St Columba's Church of Ireland
|Population||1,772 (2011 Census)|
|Sovereign state||United Kingdom|
|EU Parliament||Northern Ireland|
Prior to this however the settlement was originally known as "Borbury" (from Irish: Bóthar Buí, meaning "yellow road"). It was then recorded as being called the "Cross" in 1813 and "Moyheelan" in 1821.
Despite the name given to it by the Drapers' company, locals continued to commonly refer to the settlement with a variety of names:
- the Cross, in reference to the crossroads where the market was held,
- Moyheelan, after the townland of Moyheeland (from Irish: Maigh Chaoláin, meaning "plain of the marshy stream"), which it was founded in,
- the Cross of Ballynascreen, after the fact that it was the main crossroads in the parish of Ballynascreen,
- Ballinascreen (from Irish: Baile na Scrine, meaning "the land/territory of the shrine""), after the Roman Catholic parish.
- Draperstown-cross, after the crossroads that were the main feature of the settlement
- Ballynacross, of which the Irish form Baile na Croise, meaning "townland of the crossroad", is used as the present Irish name for Draperstown.
The term "screen" in the popular Irish song The Verdant Braes of Screen apparently refers to Ballinascreen.
The following are local listed buildings or special conservation areas:
- St. Columba's Church, Church of Ireland, Tobermore Road, built 1888
- Courthouse, 20 High Street, built 1839
- Presbyterian Meeting House, 47 High Street, built 1843
- The core of the village was designated a Conservation Area in 1979.
Draperstown is classified as a village by the NI Statistics and Research Agency (NISRA) (i.e. with population between 1,000 and 2,250 people). On Census day (29 April 2001) there were 1,638 people living in Draperstown. Of these:
- 24.4% were aged under 16 and 15.0% were aged 60 and over
- 48.9% of the population were male and 51.1% were female
- 96.7% were from a Catholic background and 2.8% were from a Protestant background
- 4.3% of people aged 16–74 were unemployed.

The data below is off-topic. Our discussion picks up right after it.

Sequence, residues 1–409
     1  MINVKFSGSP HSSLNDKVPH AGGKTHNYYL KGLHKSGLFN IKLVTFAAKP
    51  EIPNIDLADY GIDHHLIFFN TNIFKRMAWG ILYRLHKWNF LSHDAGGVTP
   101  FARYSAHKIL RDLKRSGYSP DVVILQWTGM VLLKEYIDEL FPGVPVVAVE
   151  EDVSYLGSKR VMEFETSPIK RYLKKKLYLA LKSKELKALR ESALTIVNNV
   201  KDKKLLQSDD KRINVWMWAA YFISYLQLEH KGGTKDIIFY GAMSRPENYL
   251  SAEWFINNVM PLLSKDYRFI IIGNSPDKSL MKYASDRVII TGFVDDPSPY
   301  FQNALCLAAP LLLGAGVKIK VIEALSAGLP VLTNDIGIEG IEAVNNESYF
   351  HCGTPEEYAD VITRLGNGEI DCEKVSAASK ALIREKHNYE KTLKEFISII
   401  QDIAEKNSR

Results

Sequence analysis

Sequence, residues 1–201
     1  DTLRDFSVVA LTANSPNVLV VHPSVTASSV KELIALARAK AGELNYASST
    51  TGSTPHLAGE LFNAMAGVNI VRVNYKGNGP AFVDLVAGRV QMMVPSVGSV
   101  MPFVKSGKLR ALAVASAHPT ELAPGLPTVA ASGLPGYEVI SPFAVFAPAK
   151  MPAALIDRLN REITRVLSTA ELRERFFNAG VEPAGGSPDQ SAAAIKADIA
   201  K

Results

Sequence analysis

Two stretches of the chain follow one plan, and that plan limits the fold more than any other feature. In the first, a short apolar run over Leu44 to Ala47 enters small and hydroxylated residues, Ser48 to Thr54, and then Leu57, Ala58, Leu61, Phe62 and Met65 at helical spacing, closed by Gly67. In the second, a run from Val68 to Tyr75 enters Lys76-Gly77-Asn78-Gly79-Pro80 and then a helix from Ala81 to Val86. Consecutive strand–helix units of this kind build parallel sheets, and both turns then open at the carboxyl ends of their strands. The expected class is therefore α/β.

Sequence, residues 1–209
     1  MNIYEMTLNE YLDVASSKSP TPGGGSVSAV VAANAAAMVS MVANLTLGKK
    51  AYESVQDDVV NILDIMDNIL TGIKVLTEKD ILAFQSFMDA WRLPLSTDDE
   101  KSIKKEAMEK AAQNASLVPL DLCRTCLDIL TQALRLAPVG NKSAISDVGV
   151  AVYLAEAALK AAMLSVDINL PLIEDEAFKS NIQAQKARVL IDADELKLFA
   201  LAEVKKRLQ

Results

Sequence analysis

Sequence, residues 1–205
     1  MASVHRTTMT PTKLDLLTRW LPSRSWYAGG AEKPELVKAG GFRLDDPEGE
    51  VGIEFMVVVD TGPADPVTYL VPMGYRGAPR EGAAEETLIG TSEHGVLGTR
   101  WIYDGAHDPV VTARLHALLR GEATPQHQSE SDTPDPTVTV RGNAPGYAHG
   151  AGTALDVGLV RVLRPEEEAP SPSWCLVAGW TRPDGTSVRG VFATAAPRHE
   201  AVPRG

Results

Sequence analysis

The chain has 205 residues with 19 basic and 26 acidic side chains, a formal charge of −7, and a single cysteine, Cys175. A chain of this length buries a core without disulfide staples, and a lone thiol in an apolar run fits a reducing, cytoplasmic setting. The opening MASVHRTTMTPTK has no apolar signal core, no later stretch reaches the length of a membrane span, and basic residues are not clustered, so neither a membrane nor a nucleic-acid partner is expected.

For more details see: NI Neighbourhood Information Service
- Christina McKenna, writer
The acclaimed Glasgowbury Festival was held near Draperstown. Local bands, as well as some more famous names appeared. The last event was held on Saturday, 21 July 2012. Sperrins Balloon Festival also is held in Draperstown every year, with hot air balloon enthusiasts gathering in Draperstown. Weekly live music gigs take place in The Cellar Bar.
Draperstown railway station opened on 20 July 1883, closed for passenger traffic on 1 October 1930 and finally closed altogether on 3 July 1950. The Draperstown branch ran from Magherafelt with an intermediate station at Desertmartin.
- Naíscoil na Speiríní, an Irish language medium pre-school, in which all subjects are taught in Irish.
- Gaelscoil na Speiríní, an Irish language medium primary school, in which all subjects are taught in Irish.
- St Mary's Primary School
- St Colm's High School
- St Colms's GAC Ballinascreen (CLG Naomh Colm Baile na Scrine) is the local Gaelic Athletic Association (GAA) club. The club provides teams in Gaelic football, hurling, ladies football and camogie. Dean McGlinchey Park is the club's ground. St Colm's camogie team has won an All-Ireland Championship.
- Draperstown Celtic FC is the local soccer team who play at Cahore playing fields.
|Wikimedia Commons has media related to Draperstown.|
- "Gaun forrit". Special EU Programmes Body. Retrieved 5 April 2017.
- The Placenames Branch (Department of Community, Equality and Gaeltacht Affairs) 
- Toner, Gregory. Place-Names of Northern Ireland, p. 85. Queen's University of Belfast, 1996; ISBN 0-85389-613-5
- Toner, Gregory; Place-Names of Northern Ireland, Volume Five, County Derry I, The Moyola Valley, 1996. ISBN 0-85389-613-5
- Ward Information for Draperstown at NINIS Website
- "Draperstown station" (PDF). Railscot - Irish Railways. Retrieved 2007-10-12.